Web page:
someone “negligently” injured you. In Florida, injured victims must prove four elements to bring a successful negligence claim.
The Defendant Owed You a Duty of Care
In some situations, it is easy to establish a duty of care. For example, a doctor who agrees to treat you has created a doctor-patient relationship and owes you a duty of care. Similarly, an amusement park that sells you a ticket for a ride has created a duty to keep their premises, including their rides, in a safe condition.
Duties can also be created simply by physical proximity. For example, a driver owes other vehicles on the road a duty to drive carefully. No contract exists between drivers. However, the duty exists because a driver's carelessness could injure other people. The same is true of a person in a grocery store who has a duty to push their cart so that they do not injure anyone in the store.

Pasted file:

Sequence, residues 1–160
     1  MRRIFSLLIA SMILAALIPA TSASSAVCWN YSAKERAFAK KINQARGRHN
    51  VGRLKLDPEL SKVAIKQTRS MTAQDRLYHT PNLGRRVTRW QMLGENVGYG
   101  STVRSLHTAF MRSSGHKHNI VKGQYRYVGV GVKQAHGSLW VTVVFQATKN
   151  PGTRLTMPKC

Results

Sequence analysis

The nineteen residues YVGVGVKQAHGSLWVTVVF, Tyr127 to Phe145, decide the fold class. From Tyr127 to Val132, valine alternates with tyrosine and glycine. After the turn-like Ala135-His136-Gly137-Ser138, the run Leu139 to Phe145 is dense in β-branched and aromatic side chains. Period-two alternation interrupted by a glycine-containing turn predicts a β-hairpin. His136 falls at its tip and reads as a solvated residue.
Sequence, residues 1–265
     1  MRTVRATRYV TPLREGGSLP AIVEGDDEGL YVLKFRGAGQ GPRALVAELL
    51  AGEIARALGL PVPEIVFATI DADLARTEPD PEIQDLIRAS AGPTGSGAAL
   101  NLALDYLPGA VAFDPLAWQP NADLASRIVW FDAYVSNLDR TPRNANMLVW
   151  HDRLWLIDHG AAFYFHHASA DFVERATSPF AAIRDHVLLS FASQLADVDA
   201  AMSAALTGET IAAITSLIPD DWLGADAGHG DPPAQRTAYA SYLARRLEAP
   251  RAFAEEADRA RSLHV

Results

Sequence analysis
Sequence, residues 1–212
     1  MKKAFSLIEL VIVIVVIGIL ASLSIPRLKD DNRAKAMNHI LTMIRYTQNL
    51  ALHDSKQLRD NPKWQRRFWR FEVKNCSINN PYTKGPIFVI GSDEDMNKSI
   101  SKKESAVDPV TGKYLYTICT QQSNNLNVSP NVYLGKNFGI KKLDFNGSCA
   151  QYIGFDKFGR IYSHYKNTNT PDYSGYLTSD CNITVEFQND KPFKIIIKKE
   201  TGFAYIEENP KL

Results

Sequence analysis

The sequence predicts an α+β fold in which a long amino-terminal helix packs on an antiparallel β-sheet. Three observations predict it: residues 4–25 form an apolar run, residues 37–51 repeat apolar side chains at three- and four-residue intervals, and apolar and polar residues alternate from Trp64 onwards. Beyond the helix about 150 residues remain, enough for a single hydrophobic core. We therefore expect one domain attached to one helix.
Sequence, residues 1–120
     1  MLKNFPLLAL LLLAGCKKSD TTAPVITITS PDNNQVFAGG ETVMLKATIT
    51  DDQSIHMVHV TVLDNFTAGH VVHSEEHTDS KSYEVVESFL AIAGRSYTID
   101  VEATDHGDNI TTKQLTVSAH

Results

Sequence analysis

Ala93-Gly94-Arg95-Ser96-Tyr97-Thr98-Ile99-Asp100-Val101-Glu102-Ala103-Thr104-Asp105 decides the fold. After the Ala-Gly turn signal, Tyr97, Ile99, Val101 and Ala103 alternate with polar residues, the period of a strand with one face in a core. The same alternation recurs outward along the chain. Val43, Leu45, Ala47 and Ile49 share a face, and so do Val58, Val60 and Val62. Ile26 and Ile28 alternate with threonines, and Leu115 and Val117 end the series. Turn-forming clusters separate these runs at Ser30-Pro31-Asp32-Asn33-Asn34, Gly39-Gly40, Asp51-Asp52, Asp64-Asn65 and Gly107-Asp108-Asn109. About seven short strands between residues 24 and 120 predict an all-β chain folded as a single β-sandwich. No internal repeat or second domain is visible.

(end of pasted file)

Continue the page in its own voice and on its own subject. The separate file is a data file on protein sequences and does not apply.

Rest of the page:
To figure out if someone owed you a duty, you should step into their shoes. Ask yourself: Did their actions create a general risk that they would harm you? If the answer is no, then according to the Florida Supreme Court they owed you no duty of care. If the answer is yes, then they owe you a duty of care.
The Defendant Breached the Duty of Care
The second element looks at the defendant’s conduct and asks whether it was sufficiently careful. In a negligence suit, no defendant is required to be perfect. However, they must exercise the same care as a reasonably prudent person. Under this standard, the jury considers how a prudent person would have acted in the circumstances and then measures the defendant’s conduct against this standard.